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Officers welcome parking infringement review

November 25, 2004

Parking officers welcome parking infringement review – and keen to chase up unpaid fines themselves

New Zealand’s parking officers are keen to chase up unpaid parking fines rather than trawling the process through the courts.

The Ministry of Justice is currently reviewing the parking infringement process. Submissions close on Christmas Eve.

Associate Justice Minister Rick Barker recently launched a review of the infringement system, aimed at making the collection of overdue parking fines more manageable.

Currently the Department of Courts chase unpaid fines but parking officers would like to see local authorities take over the role by using the courts as a collection agency as a last resort instead of the first resort.

New Zealand Parking Association chairman Colin Waite said today the review should consider changing the payment system of parking fines.

Mr Waite said the Ministry of Justice are taking too long to chase parking and other infringement fines.

``The amount of infringement fines collected by the courts after five years would struggle to be anywhere near 75 percent,’’ he said.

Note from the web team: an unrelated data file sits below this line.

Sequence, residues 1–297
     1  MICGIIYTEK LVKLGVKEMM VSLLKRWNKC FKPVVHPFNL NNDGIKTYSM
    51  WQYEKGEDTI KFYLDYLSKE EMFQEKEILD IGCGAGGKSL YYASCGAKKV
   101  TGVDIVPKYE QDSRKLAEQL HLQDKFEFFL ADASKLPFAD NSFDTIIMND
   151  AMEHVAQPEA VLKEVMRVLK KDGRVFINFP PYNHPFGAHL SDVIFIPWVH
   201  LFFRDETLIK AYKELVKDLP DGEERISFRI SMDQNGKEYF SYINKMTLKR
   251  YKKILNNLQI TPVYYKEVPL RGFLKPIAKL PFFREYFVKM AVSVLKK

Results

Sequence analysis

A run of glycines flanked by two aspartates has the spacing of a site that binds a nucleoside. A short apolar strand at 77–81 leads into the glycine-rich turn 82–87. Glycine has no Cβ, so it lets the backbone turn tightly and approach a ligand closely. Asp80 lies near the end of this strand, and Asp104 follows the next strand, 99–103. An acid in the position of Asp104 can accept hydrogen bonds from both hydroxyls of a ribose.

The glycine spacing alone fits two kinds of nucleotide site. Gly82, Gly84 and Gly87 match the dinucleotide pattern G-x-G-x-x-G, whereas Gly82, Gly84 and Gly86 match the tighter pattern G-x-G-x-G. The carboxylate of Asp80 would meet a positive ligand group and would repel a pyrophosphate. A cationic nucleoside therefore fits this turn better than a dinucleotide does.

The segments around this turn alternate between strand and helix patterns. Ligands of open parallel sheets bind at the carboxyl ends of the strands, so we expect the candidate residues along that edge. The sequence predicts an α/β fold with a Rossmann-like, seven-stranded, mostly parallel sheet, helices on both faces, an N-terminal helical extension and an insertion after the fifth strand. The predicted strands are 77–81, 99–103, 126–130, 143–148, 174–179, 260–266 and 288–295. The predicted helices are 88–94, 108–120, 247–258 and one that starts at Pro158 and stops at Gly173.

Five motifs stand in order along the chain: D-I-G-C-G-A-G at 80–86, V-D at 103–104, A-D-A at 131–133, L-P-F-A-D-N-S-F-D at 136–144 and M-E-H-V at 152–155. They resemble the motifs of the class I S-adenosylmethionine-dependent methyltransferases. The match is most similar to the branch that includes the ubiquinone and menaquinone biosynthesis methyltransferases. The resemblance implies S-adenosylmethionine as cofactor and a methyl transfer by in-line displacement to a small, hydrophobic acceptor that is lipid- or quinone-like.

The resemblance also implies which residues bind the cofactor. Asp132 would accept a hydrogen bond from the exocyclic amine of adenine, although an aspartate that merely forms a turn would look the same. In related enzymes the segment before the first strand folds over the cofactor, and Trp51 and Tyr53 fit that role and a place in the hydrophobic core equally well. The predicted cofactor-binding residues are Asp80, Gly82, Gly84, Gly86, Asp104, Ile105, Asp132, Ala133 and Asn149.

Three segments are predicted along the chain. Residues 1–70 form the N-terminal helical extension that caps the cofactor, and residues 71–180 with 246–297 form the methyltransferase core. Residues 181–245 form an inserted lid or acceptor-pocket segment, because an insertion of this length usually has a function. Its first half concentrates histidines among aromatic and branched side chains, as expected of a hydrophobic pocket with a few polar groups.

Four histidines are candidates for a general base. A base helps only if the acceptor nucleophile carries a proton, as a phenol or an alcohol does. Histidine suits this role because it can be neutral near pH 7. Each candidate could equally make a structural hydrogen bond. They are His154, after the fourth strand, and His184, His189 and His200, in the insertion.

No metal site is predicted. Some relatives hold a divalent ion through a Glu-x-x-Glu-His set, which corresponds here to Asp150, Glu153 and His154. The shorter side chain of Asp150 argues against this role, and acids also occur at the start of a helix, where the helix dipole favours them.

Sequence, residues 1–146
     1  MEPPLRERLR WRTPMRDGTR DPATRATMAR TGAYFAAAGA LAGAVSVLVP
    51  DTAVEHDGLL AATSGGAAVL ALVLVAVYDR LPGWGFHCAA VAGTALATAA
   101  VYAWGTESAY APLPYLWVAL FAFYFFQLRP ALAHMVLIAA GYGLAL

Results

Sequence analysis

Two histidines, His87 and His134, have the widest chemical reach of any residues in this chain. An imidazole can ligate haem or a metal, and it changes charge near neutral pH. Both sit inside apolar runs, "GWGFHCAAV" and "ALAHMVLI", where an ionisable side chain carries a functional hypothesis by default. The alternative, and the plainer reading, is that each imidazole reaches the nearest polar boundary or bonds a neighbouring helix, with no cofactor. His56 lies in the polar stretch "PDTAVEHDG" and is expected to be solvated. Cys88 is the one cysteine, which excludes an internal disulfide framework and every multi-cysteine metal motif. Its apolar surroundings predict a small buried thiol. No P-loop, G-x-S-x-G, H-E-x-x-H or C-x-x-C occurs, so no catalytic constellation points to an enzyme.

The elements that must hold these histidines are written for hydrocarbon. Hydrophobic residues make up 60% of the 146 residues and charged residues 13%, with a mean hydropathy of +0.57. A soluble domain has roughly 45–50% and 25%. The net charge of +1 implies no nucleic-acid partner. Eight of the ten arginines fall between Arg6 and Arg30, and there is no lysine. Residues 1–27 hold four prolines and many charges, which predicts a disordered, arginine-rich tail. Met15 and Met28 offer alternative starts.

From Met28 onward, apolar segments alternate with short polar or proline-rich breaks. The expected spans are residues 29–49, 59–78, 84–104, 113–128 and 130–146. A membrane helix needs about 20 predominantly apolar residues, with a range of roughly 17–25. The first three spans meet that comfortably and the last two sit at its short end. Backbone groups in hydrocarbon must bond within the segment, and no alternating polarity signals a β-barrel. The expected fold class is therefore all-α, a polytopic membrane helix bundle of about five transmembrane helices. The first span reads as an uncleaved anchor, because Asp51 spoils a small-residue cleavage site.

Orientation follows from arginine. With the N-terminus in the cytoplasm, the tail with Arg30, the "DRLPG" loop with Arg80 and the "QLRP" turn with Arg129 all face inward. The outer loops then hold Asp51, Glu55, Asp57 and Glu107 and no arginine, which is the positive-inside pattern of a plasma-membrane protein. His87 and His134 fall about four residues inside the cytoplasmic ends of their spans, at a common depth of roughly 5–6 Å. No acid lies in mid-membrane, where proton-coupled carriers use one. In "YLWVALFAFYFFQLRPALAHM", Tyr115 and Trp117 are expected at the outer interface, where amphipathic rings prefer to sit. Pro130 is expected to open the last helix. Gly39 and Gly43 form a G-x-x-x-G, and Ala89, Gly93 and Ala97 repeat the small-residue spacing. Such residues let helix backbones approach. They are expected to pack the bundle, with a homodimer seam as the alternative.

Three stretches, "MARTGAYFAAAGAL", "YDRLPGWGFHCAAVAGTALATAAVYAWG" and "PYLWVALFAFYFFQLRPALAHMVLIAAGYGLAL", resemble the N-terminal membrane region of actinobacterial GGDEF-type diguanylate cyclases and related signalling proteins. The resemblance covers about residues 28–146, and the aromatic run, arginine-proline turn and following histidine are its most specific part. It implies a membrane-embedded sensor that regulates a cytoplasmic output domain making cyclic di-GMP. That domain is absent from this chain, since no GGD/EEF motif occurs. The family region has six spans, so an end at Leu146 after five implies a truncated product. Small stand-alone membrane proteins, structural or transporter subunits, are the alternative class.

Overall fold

``Other shortcomings include the accuracy of the data we must use in relation to names and addresses of offenders and the inflexibility of the courts in relation to offenders revised or updated details.’’

Mr Waite said he hoped the days of motorists being able to avoid paying parking fines are on the way out.

Associate Justice Minister Rick Barker has launched a review of the infringement system, aimed at a better way of collecting overdue parking fines.

Mr Barker said he wants city councils and the Justice Ministry to work together to find a solution.


Mr Waite said parking wardens were worried grave shortcomings for collecting parking tickets would not be addressed.

``We expect the debt to councils to continue to mount and the system will continue to fail.

``We may need to have separate systems to suit the needs of the Police and the local councils who enforce traffic type infringements.

``The Parking Association would then support a central system from which all 'traffic' infringement notices are processed.’’

Parking wardens say they will collect far more unpaid parking fines than the courts if they were given the job.

``We believe the courts should not be involved in the initial stages in the collection of unpaid fines,’’ Mr Waite said

``We feel there would be a significant saving to the country by us collecting overdue fines. For every parking file we lodge with the courts there is a lodgement fee of $30. We could save the courts, time, effort and resources by doing it ourselves.

``The overdue fines wouldn’t clog up the courts and there would be no need for the Justice ministry to establish new call centres.’’

Mr Waite estimated well over a million parking fines were issued in New Zealand every year by local authorities.

He said if ticket officers issued parking fines in the first place it would make sense for continuity and cost to see the process through to the end.

Local authorities need to be given powers to employ debt collecting agencies to collect longer overdue unpaid fines, Mr Waite said.

ENDS


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